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The Underwater History of the Amazon Rainforest

May 05, 2017 03:52 PM EDT
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A significant part of the Amazon rainforest may have been flooded by the Caribbean Sea twice over 10 million years ago. This spurred the evolution of new species that live in the Amazon.
(Photo : Mario Tama/Getty Images)

The great Amazon is the largest rainforest on the planet, extending about 40 percent of the South American continent and including parts of the following different countries: Brazil, Bolivia, Peru, Ecuador, Colombia, Venezuela, Guyana, Suriname and French Guiana that's a department of France.

To submerge such a large expanse of rainforest would be a massive undertaking, but a new study by researchers from the Smithsonian Tropical Research Institute (STRI) suggested that that was exactly what happened -- twice. According to a report from Science Magazine, a significant part of the rainforest may have been flooded by the Caribbean Sea twice over 10 million years ago. This spurred the evolution of new species that live in the Amazon. It has resulted in about 10 percent of the planet's species being found in this rainforest.

However, not all scientists agree with the findings. Many are in agreement that the Amazon has been underwater for a time but disagree on the source of the water.

"Pollen records from oil wells in eastern Colombia and outcrops in northwestern Brazil clearly show two short-lived events in which ocean water from the Caribbean flooded what is now the northwest part of the Amazon basin," lead author and STRI scientist Carlos Jaramillo said in a statement. "Geologists disagree about the origins of the sediments in this area, but we provide clear evidence that they are of marine origin, and that the flooding events were fairly brief."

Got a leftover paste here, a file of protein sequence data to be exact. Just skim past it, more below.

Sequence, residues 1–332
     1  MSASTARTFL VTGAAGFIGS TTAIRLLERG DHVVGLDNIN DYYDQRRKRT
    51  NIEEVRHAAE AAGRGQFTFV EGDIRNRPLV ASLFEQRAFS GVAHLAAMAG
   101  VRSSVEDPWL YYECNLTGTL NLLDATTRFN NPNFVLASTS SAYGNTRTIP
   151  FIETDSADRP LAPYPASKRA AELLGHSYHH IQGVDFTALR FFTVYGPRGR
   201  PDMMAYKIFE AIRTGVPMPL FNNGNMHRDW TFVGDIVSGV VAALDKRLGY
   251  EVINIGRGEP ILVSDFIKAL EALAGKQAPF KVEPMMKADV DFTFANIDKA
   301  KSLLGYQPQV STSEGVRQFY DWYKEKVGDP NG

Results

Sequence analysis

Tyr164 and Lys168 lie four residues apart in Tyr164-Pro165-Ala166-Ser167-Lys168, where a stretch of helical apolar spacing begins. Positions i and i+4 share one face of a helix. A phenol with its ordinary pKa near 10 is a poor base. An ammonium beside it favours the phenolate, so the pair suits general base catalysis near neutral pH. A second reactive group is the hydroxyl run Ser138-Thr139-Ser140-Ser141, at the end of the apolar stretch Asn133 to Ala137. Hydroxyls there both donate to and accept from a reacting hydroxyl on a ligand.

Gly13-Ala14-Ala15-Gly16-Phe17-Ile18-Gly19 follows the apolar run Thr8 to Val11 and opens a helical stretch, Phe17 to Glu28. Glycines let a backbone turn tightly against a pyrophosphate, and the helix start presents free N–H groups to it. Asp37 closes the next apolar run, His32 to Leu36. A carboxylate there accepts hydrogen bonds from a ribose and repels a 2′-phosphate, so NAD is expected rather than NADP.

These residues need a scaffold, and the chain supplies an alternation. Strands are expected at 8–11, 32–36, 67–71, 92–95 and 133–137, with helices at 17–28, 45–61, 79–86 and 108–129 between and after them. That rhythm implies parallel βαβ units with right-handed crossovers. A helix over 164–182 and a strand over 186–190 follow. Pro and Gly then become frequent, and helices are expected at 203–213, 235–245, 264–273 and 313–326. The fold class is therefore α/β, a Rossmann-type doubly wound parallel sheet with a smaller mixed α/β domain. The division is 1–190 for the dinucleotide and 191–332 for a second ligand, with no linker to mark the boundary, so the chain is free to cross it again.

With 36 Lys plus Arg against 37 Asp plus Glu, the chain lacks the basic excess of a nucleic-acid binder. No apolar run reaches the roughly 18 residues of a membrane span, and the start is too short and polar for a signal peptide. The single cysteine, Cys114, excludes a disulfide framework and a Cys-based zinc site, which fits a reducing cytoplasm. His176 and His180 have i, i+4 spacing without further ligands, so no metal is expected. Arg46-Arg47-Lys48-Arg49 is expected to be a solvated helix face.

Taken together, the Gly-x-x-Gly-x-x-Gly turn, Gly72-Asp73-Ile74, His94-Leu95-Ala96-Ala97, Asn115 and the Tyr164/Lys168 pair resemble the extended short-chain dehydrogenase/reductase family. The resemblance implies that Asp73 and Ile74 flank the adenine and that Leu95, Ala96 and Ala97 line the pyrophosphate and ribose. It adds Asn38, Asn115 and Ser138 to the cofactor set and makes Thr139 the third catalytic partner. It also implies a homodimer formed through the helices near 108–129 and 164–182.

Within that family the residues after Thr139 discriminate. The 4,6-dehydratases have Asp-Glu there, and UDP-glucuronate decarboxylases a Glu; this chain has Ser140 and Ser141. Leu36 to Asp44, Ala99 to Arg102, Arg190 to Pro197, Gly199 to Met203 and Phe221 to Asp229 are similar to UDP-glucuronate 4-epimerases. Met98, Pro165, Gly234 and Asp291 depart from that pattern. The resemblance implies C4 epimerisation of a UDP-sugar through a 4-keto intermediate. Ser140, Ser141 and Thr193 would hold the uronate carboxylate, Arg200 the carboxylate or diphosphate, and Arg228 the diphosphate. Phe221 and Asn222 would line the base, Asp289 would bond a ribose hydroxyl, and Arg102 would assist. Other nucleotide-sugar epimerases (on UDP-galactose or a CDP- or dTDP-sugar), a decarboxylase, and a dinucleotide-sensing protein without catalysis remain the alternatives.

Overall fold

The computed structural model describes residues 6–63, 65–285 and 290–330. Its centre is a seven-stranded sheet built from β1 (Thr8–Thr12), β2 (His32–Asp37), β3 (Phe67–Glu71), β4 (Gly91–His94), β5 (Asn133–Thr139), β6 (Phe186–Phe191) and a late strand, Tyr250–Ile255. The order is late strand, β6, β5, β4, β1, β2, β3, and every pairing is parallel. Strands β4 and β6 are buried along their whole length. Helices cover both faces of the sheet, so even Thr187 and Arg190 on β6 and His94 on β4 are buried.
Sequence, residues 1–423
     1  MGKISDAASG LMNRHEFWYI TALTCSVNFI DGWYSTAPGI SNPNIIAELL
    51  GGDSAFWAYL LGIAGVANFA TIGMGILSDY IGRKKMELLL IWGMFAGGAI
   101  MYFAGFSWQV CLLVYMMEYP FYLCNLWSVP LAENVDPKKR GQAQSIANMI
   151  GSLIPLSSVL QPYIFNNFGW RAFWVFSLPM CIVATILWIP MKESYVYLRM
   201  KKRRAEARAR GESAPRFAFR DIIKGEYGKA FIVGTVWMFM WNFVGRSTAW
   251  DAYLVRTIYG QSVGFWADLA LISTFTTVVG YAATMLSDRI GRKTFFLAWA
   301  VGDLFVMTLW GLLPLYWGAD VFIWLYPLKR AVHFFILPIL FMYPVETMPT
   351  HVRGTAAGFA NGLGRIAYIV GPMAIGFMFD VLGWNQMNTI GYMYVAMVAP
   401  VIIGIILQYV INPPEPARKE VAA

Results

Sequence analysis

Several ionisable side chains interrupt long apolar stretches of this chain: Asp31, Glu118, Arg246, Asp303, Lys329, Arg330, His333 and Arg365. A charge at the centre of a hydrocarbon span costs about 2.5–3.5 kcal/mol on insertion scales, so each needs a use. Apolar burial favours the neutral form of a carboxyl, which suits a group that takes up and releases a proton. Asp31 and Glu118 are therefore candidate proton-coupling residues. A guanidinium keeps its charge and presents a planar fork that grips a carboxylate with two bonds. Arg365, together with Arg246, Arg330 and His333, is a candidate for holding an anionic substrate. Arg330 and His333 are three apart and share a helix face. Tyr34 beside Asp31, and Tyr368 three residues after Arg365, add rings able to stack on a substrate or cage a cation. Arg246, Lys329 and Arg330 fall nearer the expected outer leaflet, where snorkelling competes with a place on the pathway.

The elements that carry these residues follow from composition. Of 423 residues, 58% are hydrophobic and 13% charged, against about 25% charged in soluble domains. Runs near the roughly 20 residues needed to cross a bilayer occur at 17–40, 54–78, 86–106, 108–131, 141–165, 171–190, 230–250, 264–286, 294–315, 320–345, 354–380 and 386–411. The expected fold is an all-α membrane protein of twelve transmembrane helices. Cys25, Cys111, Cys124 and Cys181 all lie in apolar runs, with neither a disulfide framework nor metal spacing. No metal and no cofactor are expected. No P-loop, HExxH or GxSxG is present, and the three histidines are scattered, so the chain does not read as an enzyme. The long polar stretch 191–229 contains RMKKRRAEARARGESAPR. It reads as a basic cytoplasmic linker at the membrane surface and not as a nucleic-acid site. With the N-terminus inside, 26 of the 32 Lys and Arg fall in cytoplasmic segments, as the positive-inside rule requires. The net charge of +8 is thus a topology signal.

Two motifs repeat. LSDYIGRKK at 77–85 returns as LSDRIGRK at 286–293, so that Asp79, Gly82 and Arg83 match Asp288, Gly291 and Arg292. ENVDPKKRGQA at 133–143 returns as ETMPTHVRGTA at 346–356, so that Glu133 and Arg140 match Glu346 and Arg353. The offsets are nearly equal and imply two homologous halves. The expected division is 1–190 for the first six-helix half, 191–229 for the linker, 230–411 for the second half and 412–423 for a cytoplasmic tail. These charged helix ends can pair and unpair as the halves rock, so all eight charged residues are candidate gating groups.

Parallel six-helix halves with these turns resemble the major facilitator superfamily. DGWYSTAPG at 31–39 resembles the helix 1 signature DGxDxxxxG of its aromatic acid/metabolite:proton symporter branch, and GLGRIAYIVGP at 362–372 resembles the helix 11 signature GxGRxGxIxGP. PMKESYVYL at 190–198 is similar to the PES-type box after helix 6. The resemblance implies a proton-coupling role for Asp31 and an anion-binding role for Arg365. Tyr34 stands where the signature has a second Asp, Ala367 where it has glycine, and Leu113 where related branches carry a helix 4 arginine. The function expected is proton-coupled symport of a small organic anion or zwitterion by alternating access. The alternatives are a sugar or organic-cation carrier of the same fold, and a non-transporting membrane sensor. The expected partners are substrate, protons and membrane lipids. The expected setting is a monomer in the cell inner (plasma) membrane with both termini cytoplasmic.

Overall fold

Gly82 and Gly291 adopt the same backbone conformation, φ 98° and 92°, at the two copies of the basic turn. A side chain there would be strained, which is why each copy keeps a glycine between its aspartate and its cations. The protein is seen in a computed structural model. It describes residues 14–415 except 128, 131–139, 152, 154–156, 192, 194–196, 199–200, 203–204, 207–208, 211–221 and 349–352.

Jaramillo and his colleagues dated the two Amazon rainforest floods at between 18 to 17 million years ago and between 16 to 12 million years ago. The first flood was estimated to have lasted 200,000 years, while the second stretched longer for 400,000 years.

The team studied evidence of over 50,000 individual pollen grains from 900 pollen types from cores. In their analysis, they came across two different layers of marine pollen that's separated by layers of non-marine pollen. There were also fossils of marine animals like a shark tooth and a mantis shrimp.

The study about the underwater history of the Amazon rainforest is published in the journal Science Advances.

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